THE INQUIRYThe Commission's opinion
In its opinion, the Commission made the following comments:
The Commission’s Code of good administrative behaviour applied equally to requests for information by citizens and to requests for information by the media. Media (i.e. journalists) were not entitled under the present Code to any particular and/or additional rights beyond what the Code foresees for dealing with inquiries from the general public.
The Press and Communication Service had been scrupulous in adhering to the deadlines stipulated, that is to say, a reply has to be sent within fifteen working days of the receipt of inquiries. However, the Commission acknowledged that no reply had been given to the complainant’s message of 5 April 2002 and apologised for this omission.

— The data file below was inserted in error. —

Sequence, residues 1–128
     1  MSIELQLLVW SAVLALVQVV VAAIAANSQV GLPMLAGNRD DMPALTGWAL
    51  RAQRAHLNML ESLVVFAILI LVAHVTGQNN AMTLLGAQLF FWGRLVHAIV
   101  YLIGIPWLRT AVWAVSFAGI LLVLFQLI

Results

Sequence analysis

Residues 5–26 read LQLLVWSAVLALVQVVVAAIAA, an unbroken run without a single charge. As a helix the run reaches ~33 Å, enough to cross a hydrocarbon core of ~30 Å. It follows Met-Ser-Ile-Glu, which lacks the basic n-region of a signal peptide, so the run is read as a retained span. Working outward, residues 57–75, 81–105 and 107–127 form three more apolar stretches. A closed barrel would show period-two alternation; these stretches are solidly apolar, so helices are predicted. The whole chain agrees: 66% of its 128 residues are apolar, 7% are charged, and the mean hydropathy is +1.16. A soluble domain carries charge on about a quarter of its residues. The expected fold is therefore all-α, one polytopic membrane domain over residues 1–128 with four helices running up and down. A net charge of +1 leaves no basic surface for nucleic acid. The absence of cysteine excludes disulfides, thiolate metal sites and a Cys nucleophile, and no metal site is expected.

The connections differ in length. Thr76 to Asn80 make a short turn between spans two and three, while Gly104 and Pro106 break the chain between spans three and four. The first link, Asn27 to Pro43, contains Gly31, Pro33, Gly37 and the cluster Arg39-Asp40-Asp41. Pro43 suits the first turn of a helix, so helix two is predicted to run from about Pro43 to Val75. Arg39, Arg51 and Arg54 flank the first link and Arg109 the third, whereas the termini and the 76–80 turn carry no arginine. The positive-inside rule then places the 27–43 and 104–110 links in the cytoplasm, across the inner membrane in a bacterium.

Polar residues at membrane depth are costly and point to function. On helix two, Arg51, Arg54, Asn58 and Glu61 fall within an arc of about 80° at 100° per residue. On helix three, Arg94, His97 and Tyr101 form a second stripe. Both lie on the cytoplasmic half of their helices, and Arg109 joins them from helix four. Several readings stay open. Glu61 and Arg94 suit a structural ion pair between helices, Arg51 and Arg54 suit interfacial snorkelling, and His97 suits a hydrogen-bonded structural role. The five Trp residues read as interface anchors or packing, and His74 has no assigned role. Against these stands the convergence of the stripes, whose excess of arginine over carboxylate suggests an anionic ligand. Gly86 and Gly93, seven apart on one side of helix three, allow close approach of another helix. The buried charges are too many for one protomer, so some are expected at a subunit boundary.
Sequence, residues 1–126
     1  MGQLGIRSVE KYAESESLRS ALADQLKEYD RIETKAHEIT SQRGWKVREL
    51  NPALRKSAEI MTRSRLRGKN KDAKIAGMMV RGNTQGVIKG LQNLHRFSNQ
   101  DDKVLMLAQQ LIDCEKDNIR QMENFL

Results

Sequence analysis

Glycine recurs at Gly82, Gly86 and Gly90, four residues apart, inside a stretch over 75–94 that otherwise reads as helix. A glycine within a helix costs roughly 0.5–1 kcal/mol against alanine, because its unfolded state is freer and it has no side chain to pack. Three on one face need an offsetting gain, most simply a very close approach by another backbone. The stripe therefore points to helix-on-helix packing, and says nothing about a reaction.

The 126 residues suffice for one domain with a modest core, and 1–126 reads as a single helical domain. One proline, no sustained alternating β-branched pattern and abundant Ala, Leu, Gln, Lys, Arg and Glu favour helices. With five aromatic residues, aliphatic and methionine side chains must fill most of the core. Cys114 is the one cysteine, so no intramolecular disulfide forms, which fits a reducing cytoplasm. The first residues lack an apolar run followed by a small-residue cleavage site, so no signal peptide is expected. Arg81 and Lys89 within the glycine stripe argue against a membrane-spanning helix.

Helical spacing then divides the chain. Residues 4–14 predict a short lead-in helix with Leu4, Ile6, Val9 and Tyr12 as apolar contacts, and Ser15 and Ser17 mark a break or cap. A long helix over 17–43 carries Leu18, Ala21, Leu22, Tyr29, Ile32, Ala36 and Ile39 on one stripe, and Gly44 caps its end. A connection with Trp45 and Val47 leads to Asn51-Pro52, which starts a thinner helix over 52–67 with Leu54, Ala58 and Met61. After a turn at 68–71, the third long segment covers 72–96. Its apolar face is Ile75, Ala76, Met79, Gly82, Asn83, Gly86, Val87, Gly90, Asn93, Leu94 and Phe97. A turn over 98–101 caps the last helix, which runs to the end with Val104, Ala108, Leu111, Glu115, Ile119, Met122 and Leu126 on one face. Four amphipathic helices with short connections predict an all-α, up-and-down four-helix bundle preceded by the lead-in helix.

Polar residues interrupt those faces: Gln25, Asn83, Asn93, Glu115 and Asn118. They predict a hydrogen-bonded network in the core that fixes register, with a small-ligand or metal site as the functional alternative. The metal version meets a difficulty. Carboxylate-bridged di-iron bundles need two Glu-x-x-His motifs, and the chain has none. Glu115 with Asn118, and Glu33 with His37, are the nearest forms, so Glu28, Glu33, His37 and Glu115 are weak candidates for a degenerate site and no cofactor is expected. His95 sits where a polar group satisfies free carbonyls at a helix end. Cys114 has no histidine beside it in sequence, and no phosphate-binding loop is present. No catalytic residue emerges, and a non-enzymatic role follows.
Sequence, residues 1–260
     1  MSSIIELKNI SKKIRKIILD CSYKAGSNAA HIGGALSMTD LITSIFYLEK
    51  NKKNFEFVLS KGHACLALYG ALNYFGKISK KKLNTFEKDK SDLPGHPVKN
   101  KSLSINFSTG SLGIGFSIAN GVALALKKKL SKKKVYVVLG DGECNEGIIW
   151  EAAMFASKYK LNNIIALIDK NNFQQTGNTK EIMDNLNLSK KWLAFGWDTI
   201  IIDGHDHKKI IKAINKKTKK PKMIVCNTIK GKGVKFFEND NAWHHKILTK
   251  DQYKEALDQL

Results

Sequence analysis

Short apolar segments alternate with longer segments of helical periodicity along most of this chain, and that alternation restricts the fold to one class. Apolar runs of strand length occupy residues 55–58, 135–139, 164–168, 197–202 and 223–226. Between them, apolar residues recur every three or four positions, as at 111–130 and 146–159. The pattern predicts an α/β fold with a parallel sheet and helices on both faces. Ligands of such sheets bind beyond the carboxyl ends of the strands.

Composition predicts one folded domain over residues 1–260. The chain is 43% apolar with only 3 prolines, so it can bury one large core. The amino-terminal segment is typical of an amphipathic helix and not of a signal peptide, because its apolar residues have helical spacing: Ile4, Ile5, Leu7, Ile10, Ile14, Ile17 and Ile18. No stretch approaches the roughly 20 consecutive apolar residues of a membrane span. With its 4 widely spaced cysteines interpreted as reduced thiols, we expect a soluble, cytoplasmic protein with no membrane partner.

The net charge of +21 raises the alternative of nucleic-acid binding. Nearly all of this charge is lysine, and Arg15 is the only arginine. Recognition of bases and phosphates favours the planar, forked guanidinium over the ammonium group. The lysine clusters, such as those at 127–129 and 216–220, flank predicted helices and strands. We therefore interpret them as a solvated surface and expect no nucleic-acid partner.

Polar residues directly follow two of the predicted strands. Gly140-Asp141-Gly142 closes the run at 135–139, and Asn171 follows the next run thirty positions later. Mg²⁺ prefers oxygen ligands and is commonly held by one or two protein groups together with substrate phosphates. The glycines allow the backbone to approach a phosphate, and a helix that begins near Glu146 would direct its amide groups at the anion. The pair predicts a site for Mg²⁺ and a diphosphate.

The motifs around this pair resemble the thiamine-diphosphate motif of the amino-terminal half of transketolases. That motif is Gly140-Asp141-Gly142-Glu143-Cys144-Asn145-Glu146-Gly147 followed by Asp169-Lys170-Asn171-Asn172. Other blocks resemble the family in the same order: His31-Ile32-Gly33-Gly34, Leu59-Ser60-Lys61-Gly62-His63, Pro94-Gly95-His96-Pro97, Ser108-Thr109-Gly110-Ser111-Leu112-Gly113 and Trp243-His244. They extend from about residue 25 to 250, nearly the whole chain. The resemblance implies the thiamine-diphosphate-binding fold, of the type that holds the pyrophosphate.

The perception that the Commission had been arbitrary in its decisions regarding requests for sensitive information arose from the fact that there had to be a case by case approach. The inquiries of the complainant for factual information had been properly answered by the Commission. However, most of the inquiries cited in the complaint did not relate to straightforward existing information, but required that the Commission in its reply take formal positions on very specific issues. In this respect the Commission had a discretionary power over the position it wanted to take and when to take it and could, therefore, reserve the right not to make statements on an issue.